The placards were up in a wealthy town for less than a day. The fight over them lasted years.

The sudden sprouting of red-and-white campaign signs upended one autumn morning in the affluent Connecticut town of Greenwich. It was as if the valuable ground had been sprinkled overnight with political pixie dust.

The signs seemed at first to blend into the election-time foliage, conveying customary solidarity between a local Republican candidate and his party’s standard-bearer. “Vote Republican — Vote Team,” they said. “Trump/Camillo.”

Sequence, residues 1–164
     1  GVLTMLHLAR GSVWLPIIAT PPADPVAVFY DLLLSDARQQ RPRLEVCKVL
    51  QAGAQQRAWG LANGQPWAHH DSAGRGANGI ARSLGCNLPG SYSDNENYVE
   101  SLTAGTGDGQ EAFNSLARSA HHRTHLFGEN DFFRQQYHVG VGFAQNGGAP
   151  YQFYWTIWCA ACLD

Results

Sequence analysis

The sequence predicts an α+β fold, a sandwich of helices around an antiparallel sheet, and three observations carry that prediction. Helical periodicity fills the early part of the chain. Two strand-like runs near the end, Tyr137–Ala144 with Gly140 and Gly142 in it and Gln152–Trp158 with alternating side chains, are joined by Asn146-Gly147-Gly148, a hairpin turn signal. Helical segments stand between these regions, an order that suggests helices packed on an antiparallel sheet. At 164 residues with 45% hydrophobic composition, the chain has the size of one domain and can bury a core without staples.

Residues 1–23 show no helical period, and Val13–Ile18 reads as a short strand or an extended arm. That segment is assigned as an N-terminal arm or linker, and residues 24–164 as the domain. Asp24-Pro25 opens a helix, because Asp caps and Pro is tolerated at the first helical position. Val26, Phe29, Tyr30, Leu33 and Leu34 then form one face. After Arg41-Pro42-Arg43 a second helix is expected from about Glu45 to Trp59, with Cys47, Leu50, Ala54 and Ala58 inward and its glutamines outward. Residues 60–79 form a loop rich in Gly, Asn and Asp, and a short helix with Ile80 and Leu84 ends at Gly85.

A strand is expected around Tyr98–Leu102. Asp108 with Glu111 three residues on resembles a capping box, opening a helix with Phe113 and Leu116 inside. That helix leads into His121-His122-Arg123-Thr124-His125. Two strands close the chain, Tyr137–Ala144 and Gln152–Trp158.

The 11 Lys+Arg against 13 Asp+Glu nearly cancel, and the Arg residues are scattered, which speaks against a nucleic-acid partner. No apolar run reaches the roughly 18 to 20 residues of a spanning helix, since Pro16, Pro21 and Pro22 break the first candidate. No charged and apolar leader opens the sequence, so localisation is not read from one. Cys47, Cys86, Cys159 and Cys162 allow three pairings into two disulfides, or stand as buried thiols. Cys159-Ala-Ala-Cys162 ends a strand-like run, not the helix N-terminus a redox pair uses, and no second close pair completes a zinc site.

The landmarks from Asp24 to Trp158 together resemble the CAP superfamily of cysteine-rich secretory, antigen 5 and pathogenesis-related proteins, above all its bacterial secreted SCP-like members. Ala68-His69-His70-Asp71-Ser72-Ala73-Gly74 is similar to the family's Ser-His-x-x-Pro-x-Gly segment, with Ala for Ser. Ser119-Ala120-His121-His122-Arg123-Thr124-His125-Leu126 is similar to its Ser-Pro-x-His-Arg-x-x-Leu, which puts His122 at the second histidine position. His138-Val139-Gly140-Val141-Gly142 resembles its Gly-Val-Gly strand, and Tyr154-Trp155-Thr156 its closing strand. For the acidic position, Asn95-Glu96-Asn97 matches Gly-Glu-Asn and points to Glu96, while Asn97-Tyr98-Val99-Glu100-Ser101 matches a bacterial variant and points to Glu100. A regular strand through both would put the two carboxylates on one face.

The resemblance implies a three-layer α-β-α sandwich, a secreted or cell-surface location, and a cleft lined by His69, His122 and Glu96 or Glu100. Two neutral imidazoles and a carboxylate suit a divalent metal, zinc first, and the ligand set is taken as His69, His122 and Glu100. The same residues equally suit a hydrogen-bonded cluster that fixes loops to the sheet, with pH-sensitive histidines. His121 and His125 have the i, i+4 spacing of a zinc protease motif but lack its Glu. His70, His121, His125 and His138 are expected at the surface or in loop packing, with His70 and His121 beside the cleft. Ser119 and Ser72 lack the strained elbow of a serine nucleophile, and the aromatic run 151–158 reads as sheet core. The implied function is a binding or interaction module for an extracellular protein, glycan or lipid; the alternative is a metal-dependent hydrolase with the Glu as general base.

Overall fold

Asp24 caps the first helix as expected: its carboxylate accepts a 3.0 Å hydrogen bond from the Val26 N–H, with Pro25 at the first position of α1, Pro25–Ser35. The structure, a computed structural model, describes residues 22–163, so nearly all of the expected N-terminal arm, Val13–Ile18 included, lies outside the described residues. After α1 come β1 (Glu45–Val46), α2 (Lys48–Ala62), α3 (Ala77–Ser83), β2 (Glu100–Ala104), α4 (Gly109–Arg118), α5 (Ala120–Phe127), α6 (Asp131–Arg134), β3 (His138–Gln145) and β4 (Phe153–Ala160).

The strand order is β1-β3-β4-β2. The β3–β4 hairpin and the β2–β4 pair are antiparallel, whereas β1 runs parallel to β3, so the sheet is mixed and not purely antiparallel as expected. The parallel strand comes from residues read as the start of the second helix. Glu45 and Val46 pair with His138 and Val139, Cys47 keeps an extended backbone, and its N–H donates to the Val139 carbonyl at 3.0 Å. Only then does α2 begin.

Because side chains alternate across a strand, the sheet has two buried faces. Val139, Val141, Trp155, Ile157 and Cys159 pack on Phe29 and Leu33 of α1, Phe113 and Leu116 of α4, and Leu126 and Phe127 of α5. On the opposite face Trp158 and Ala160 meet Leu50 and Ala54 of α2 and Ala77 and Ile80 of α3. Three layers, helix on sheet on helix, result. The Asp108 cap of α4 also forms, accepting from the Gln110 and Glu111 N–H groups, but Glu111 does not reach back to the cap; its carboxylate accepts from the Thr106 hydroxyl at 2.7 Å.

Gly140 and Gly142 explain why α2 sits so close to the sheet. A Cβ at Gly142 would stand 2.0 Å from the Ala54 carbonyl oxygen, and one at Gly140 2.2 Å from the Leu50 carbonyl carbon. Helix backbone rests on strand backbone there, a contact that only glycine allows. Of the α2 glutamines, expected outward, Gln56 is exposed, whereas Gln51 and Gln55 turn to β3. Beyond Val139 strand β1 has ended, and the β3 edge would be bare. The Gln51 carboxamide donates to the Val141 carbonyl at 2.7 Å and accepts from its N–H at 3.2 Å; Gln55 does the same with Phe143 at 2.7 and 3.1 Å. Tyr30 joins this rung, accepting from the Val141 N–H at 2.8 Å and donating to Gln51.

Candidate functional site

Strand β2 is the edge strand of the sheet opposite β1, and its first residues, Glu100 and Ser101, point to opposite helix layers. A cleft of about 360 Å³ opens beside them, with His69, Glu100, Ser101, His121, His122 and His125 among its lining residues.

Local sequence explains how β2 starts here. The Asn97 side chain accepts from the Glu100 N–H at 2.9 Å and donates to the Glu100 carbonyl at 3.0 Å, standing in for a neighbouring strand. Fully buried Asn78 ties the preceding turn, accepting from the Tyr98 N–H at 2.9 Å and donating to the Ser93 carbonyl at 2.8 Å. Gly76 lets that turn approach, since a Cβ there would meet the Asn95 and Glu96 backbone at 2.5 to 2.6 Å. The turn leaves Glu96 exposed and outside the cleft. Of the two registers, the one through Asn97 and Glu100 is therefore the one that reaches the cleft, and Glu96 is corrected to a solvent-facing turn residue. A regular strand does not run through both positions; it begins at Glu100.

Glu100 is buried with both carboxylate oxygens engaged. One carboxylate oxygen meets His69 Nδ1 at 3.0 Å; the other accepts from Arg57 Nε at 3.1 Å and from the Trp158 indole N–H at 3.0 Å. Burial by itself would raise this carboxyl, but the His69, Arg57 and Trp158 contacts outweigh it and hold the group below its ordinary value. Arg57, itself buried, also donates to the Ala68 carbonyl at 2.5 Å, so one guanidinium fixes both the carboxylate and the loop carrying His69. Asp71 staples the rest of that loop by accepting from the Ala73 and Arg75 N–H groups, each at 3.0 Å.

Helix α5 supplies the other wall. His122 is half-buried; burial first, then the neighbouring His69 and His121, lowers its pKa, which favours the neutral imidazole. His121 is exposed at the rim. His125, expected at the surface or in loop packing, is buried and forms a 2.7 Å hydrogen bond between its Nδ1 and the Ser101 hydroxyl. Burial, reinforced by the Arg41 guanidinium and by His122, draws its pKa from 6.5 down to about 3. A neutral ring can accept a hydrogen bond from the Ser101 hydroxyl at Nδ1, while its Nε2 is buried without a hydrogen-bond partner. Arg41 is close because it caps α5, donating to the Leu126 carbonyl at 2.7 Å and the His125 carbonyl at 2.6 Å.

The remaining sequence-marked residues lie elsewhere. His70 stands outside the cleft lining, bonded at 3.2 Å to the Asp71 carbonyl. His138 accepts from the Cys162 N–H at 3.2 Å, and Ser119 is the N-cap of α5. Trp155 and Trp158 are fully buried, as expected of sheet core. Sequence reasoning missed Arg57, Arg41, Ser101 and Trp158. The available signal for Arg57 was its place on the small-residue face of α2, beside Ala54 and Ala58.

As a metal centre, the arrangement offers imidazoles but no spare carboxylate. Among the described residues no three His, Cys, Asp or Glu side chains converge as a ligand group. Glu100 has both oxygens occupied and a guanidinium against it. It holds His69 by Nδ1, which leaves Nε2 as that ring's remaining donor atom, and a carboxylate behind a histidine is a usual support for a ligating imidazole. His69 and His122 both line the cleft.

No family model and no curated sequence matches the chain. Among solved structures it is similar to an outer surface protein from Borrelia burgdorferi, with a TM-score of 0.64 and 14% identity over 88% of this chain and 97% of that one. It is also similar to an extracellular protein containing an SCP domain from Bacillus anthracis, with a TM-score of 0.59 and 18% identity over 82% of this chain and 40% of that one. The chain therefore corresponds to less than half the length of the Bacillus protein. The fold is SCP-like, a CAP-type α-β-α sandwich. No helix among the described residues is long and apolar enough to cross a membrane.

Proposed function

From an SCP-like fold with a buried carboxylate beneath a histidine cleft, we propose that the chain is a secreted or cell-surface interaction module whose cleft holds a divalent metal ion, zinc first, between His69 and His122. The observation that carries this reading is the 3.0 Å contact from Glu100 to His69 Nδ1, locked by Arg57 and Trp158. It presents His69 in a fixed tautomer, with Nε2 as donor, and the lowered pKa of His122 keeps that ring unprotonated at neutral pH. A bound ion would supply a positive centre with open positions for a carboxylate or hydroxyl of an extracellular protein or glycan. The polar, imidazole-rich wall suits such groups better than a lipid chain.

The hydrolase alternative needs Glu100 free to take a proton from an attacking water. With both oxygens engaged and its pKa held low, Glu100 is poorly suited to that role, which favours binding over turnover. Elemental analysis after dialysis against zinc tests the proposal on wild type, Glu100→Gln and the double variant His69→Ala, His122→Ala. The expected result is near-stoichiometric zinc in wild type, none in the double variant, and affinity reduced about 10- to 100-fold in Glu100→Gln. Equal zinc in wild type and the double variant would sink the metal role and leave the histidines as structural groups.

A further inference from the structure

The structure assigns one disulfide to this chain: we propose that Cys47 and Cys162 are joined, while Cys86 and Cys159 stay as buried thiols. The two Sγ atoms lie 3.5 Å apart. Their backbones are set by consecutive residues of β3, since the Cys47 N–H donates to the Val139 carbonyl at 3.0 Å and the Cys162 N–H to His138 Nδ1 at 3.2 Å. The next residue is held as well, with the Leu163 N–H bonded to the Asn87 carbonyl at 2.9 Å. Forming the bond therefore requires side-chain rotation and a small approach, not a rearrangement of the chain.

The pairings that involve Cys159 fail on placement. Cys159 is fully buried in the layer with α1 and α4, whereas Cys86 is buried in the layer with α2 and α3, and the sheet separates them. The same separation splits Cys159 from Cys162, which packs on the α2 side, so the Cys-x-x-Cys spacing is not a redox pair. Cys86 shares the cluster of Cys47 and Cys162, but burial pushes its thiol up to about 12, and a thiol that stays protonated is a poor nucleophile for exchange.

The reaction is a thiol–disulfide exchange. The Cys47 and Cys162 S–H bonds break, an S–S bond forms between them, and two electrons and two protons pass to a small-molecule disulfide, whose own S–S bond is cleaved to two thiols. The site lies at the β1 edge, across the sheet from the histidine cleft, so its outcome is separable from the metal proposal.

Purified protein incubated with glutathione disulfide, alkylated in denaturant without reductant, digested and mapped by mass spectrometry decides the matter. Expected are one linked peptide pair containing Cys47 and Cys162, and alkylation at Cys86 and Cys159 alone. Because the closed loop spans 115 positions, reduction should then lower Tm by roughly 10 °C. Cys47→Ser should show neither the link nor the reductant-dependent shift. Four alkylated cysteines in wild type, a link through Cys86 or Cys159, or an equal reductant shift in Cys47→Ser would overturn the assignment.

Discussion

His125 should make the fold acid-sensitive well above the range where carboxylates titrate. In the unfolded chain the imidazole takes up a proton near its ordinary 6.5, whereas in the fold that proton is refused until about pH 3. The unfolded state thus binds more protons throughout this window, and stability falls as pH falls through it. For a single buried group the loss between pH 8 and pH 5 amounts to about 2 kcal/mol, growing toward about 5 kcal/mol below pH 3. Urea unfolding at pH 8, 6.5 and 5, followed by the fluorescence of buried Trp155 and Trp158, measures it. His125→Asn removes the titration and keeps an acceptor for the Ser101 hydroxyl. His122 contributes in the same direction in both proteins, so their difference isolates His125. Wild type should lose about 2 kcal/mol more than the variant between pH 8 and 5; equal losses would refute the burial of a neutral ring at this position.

But instead of instilling pride of party unity, the signs caused local Republicans to lose their Connecticut Yankee cool. How dare someone link a Greenwich Republican candidate with the Republican president of the United States!

Outraged texts, emails and phone calls heated up that chilly October morning in 2019. “It was a general frenzy and maybe panic,” a party leader later recalled. “Like: ‘What are these?’ ‘Where did they come from?’ ‘What do we do about them?’”

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